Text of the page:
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Posted by transfer on Thursday, December 29, 2005 - 11:56 AM
The largest American branch of the Iseli Family, the origins of this group has been traced back to Hans Iseli born sometime around 1520. His three sons became half of the "founding" fathers of the Iseli von Hasle. Hans' son Benedict moved to L?tzelfl?h around 1570 where some of his children became the "founding" Iseli family in that village. Later, Niklaus Iseli moved to the hamlet of Thal, just a few miles away from L?tzelfl?h, around 1690 after marrying a local girl. Niklaus' fifth child, also named Niklaus, returned to L?tzelfl?h where Christian was born. Christian's sons were born in a number of different Swiss villages, including Wynigen.
This American Iseli Family branch is essentially the family Christian Iseli (1737) von Lützelflüh and his descendants in America. Christian and Anne Neuhaus had four sons: Johannes (1795), Samuel (1799), Jacob (1802), and Hans Ulrich (1805). With the exception of Samuel (who was a gunsmith), all the children immigrated to America. Jacob died in Elgin, Iowa; Johannes in Zoar Station, Ohio; and Hans in Trention, Ohio. In the next generation, the various spelling of the family name came into common use, probably due to the whimsy of the American immigration officials at the time. For example, Samuel's children are Christian Iseli, Jacob Iseli, John Esely, and Verena Isely.
The Iseli emigration from Switzerland to America was at several different times between 1845 and 1881. Christian Iseli, Jacob Iseli, Hans Ulrich Iseli and John Isely were among the first to come in 1845-1847. Johannes Iseli came in the Fall of 1852. Jacob Eseli came in 1870 and the John Esely Family were the last to come in 1881. They first settled in Tuscarwas County, Ohio and later moved on west to Wisconsin, Iowa, Missouri, and Kansas. Samuel Iseli spent a number of years around Vicksburg, Mississippi before coming to Wisconsin.
One example of the Iseli Family history in America is from John Isely, the eldest son of Hans Ulrich Iseli. John was born on December 12, 1826 in Burgdorf, Canton of Bern, Switzerland and immigrated to America in 1845. The family sold their farm in Switzerland and John took the money with him to purchase land. If he thought it was satisfactory, he was then to let the folks back in Switzerland know. He sent money to them in care of a relative who was to give them the word to come and use the money for their passage. This relative gave the word, but retained the money. This caused the family to have to finance their own passage which was not sufficient to allow the father, Hans Ulrich Iseli, his own room and board expenses and he was taken off the boat even as it started to move. He had to remain in Switzerland until he had funds for his own passage. The family went on but were much concerned and distressed over this matter. Hans Ulrich came later, but the ordeal of the trip together with the effects of the Malaria plague that was so prevalent in the early pioneer days proved too much for him and he died shortly after his arrival in Ohio in 1847.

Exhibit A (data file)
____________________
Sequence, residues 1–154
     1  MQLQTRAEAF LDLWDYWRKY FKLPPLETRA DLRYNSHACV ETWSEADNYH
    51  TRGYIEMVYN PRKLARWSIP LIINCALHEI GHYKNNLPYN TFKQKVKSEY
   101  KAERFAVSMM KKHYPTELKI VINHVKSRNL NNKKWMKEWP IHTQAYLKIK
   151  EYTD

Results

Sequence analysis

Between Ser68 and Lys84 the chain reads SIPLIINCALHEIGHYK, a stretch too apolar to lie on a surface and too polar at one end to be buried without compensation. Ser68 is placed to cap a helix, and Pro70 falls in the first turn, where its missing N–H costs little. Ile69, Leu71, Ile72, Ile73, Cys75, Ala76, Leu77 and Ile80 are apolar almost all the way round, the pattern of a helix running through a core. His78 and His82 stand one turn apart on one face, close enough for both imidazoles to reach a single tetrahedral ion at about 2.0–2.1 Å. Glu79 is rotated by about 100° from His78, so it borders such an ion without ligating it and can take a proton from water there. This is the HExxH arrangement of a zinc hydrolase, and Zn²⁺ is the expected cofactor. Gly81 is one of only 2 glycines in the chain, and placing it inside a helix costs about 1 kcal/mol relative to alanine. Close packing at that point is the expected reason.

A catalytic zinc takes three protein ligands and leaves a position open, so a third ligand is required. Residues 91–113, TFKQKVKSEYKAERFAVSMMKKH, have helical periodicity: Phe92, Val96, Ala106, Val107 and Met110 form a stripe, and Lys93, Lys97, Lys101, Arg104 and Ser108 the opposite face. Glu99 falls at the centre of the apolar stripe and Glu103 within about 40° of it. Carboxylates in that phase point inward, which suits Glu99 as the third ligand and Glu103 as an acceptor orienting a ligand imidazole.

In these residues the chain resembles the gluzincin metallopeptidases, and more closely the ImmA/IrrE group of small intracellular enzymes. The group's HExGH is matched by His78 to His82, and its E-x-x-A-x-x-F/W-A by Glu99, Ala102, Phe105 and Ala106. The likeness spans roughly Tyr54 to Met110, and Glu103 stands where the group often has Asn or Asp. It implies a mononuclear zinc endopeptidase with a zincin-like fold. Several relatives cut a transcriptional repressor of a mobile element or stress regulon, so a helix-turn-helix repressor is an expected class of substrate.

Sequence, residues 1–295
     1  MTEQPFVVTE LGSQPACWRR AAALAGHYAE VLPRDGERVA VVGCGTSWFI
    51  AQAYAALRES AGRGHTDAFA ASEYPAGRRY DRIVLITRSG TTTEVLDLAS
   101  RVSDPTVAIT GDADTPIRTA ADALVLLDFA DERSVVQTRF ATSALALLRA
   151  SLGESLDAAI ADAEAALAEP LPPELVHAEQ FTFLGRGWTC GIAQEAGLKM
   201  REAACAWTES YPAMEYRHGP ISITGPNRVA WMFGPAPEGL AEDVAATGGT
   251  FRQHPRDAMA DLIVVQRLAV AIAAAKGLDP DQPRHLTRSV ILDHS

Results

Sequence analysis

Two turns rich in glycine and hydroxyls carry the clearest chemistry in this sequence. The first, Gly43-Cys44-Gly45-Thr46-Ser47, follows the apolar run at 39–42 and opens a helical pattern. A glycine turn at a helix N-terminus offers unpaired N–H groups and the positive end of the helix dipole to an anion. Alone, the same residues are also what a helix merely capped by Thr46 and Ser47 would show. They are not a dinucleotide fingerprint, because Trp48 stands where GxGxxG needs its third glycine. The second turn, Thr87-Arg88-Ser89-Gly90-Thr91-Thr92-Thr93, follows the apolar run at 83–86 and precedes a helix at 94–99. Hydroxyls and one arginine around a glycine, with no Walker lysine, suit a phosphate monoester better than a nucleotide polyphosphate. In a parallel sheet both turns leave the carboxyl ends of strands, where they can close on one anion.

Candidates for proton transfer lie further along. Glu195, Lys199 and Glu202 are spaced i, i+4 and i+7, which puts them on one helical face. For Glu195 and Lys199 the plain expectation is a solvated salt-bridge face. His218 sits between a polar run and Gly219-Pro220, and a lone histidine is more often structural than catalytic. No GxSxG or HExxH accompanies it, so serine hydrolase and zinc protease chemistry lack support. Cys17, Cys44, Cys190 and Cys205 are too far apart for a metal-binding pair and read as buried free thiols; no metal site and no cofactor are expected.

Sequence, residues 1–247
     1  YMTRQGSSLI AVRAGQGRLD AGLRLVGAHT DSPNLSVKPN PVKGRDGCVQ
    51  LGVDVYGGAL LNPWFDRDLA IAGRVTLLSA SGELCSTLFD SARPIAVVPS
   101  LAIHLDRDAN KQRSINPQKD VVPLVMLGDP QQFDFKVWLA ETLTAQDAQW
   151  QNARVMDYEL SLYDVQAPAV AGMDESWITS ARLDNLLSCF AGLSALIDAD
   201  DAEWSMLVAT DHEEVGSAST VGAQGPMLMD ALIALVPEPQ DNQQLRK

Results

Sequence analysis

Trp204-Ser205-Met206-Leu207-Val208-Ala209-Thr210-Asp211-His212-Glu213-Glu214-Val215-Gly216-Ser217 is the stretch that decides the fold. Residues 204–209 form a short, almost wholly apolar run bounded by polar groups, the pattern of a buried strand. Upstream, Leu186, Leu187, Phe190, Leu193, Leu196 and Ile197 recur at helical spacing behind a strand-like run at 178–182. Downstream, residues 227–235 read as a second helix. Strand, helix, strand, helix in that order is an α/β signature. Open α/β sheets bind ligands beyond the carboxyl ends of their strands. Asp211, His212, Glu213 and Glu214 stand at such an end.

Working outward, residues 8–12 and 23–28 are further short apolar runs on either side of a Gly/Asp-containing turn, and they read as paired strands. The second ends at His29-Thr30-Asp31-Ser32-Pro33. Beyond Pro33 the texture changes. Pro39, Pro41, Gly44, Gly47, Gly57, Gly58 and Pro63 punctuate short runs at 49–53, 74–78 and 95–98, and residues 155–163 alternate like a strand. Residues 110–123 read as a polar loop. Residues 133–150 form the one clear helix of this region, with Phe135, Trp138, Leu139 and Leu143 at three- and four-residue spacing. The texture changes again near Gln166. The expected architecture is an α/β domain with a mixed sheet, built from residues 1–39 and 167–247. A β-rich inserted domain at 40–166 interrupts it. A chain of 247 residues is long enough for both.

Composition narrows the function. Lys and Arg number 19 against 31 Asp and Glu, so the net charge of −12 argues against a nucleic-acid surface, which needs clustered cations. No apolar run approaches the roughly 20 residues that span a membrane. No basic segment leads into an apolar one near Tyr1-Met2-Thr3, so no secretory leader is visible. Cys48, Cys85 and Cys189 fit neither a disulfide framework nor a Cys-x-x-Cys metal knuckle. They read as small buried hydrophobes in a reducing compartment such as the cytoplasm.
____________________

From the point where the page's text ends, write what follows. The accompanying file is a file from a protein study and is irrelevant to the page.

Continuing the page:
The family lived in Ohio five or six years before coming to Washington Township in Green County, Wisconsin in 1852. He married Louisa Germann, the daughter of Johannes Daniel Germann and Margaritha Zurcher on May 8, 1857 and had 11 children, although many of them died at a young age. John's mother, Anna Barbara (Marti) Iseli died in Wisconsin in 1900 at age of 100 and is buried in New Glarus' (Wisconsin) old cemetery in the southeast corner of the Swiss Reformed Church yard. John died on July 20, 1878 in Oneco, Stephenson County, Illinios.
The only known history of this Family branch in America is Ralph Kenneth Gnagi's The Iseli Family Genealogy (1942). Copies can be found in the Library of Congress, the Wisconsin Historical Society Library or the Monroe County (Wisconsin) Library. The most previous section is extracted from this text. The Gnagi text errorinous identifies the first generation of the genealogy as Nieland (or Niklaus) Iseli from Zal.
Many generations of Isely's grew up and still live in the area Monroe, Wisconsin area. The life story of William Isely, grandson of John, was published in 1961 and is available at the Wisconsin Historical Society.